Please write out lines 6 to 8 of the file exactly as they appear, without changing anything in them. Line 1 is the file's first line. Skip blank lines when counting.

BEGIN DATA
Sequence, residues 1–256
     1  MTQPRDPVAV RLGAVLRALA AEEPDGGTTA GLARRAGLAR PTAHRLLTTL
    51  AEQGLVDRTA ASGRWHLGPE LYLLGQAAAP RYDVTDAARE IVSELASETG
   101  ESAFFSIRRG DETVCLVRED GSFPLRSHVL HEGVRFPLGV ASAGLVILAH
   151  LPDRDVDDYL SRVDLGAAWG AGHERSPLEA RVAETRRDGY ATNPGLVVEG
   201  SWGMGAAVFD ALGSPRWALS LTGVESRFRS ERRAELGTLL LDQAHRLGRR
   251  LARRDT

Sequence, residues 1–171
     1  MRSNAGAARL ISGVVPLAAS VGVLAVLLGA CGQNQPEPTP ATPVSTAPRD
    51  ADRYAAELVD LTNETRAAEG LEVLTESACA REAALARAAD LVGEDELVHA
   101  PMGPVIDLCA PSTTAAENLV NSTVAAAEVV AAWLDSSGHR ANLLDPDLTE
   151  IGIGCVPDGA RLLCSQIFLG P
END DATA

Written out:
   201  SWGMGAAVFD ALGSPRWALS LTGVESRFRS ERRAELGTLL LDQAHRLGRR
   251  LARRDT

Sequence, residues 1–171